Industrial and Commercial Electric Vehicle Markets Set to Explode in the Right Way

AUG 10 2013 BY STAFF 5

It’s in the commercial and industrial segment where the majority of electric vehicles dollars will be spent.

Electric Motorhome or Bus Chassis

Electric Motorhome or Bus Chassis

That’s the word, according to Research and Markets:

“Those selling components for electric vehicles and those wishing to make the vehicles themselves must seek where the majority of the money is spent and will be spent. That must lead them to industrial and commercial electric vehicles because today these represent 60% of the value of the electric vehicle market. Indeed, this sector is set to grow 4.2 times in the next decade. Industrial and commercial electric vehicles include heavy industrial vehicles, the term referring to heavy lifting, as with forklifts.”

There exists even more electric commercial and industrial machines, as Research and Markets explains:

“Then we have buses, trucks, taxis and the other light industrial and commercial vehicles. There are also a few work boats and commercial boats and one day there will be commercial electric aircraft but this is really a story about the burgeoning demand for off-road industrial vehicles and on-road commercial vehicles.”

Why the electric focus in these two segments?  Well, the answer comes in two parts.  First, it’s a way for fleets to save on operating costs.  Second, it aligns with government objectives focused on reducing air pollution.

There are subsidies for some vehicles in both the industrial and commercial segments, though Research and Markets says that incentives don’t contribute to growth in a meaningful way.

Source: Research and Markets

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5 Comments on "Industrial and Commercial Electric Vehicle Markets Set to Explode in the Right Way"

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Yeah, the local delivery market seems like a no-brainer to me. Local delivery vans operate from a centralized location where they can charge at night, they do a lot of stop & go driving, and they generally travel less than 100 miles a day. They are perfect for electrification.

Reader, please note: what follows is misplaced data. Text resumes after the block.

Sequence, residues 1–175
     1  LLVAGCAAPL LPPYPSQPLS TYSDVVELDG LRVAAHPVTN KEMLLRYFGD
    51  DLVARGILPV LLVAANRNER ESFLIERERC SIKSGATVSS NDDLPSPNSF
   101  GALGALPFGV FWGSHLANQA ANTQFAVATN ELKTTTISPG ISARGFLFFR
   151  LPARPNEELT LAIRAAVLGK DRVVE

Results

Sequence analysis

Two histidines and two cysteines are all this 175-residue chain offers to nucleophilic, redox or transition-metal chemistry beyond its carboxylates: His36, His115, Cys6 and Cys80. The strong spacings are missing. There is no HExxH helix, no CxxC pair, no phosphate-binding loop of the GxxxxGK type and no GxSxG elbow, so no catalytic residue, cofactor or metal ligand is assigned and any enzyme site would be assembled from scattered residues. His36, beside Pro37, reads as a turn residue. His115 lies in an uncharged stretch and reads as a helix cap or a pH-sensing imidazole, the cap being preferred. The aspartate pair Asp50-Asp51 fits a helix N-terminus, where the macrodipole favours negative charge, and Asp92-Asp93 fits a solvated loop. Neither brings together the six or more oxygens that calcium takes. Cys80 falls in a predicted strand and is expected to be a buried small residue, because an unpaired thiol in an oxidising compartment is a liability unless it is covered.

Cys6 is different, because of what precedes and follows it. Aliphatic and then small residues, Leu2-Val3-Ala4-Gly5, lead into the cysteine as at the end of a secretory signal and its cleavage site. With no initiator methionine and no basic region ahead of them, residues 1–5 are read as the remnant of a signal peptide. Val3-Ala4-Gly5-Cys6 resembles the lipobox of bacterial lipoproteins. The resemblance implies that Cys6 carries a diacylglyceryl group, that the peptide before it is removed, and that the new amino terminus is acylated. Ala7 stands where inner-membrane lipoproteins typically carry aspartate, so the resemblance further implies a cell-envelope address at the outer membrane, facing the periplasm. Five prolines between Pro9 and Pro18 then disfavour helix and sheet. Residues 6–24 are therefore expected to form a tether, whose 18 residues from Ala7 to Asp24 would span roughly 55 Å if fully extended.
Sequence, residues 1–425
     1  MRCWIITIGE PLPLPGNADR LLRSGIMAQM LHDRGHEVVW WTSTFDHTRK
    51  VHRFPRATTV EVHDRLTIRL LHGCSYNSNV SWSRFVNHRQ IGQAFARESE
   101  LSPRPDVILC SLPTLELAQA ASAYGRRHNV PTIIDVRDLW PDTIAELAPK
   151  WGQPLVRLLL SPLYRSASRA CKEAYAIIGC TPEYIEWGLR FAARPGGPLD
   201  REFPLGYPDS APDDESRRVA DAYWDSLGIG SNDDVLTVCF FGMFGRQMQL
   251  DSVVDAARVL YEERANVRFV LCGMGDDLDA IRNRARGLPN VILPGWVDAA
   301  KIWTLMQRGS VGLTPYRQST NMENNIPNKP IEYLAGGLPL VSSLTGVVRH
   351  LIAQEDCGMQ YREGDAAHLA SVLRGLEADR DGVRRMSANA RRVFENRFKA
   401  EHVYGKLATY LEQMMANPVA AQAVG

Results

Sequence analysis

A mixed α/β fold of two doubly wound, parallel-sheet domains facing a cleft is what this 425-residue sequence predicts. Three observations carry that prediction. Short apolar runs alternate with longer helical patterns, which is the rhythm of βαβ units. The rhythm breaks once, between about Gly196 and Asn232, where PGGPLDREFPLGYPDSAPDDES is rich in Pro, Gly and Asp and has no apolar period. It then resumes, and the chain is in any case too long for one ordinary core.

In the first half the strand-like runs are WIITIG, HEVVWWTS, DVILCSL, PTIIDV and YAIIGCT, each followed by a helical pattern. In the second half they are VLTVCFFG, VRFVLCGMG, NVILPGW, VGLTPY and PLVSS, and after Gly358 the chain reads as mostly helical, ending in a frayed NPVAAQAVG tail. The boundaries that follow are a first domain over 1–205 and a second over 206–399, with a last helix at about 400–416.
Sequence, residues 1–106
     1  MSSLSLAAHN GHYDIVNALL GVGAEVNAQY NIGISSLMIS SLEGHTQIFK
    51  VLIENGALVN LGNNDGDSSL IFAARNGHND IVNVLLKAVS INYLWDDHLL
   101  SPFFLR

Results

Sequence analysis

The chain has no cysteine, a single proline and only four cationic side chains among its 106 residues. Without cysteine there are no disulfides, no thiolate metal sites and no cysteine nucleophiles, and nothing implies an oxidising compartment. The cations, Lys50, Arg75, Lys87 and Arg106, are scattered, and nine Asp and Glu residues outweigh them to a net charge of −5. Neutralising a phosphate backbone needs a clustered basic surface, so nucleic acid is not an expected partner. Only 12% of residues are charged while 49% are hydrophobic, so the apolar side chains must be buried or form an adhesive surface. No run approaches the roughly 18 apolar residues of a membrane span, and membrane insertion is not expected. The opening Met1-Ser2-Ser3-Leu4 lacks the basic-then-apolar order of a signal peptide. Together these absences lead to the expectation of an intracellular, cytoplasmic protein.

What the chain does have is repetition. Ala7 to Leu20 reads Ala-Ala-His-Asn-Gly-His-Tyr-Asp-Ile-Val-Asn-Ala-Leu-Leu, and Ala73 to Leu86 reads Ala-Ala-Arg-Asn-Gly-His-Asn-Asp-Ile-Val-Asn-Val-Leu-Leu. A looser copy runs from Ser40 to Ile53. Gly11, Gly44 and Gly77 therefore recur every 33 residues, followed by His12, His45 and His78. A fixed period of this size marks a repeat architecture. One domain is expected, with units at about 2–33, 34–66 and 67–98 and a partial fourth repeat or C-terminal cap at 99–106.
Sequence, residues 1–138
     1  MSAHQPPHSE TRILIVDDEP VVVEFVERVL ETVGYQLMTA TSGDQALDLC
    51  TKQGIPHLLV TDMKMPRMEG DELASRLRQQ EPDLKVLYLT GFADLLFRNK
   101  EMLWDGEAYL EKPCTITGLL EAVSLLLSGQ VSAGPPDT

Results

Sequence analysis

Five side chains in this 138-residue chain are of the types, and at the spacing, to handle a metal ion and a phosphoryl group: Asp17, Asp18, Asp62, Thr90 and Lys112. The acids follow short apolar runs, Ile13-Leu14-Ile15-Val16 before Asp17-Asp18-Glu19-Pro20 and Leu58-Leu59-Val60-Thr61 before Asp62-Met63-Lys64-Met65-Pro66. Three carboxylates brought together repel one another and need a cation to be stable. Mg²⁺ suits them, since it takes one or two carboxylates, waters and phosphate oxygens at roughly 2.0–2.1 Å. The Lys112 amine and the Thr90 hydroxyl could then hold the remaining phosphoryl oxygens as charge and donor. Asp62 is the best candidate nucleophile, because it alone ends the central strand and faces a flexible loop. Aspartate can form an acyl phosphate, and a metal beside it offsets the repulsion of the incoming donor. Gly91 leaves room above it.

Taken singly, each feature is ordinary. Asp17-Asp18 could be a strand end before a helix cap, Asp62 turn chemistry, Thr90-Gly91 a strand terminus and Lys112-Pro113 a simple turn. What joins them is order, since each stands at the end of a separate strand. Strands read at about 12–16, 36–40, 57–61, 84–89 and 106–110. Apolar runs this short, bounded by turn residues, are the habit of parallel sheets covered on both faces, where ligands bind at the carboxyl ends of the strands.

One worry I’d have with these is the use of electric heating in cities like Boston and NYC where a driver’s route may be 6 hours of driving but only 50 miles of distance and 100 miles of charge. Would 6 hours of cabin heating be a big drain on mile capability (as well as the cold ambient air which also is a detriment)?

We do know that in many cities, idling a truck is illegal but when the driver jumps back in, the hot engine can re-heat the cabin quickly. In NYC, I see a lot of idling cars and SUVs (usually drivers for city-based corporate leaders and apartment dwellers). Idling in the summer for AC and in winter for heat.

Defintely a must to have battery swap outs at end-of-route for buses; with service vehicles in case of surprises mid-point. Major pollution and could use the noise reduction if you ask me.

Can you imagine the saving on gas & maintenance for fleets!

@Bonaire

Viamotors’ use of a 231 cu inch v6 to provide cabin heat in very cold weather solves this problem. The majority of the time only the electric motor is used.

In my Volt, I find the most efficient operation in very cold weather is to let the engine cycle on and off while driving with the heater fan on high, but the electric heat off. The heater “recovers” some of the jacket heat and just when it starts getting cold I let the engine turn back on.

I regularly get 45 miles per charge in my 2011, but the worst has been 6 miles per charge in January. The cheapest operation is to let the engine run as mentioned. With my pricey electricity in my area, it is much cheaper than gas MOST of the time. Letting the engine run to heat the cabin and defrost the windows is a very reasonable bargain.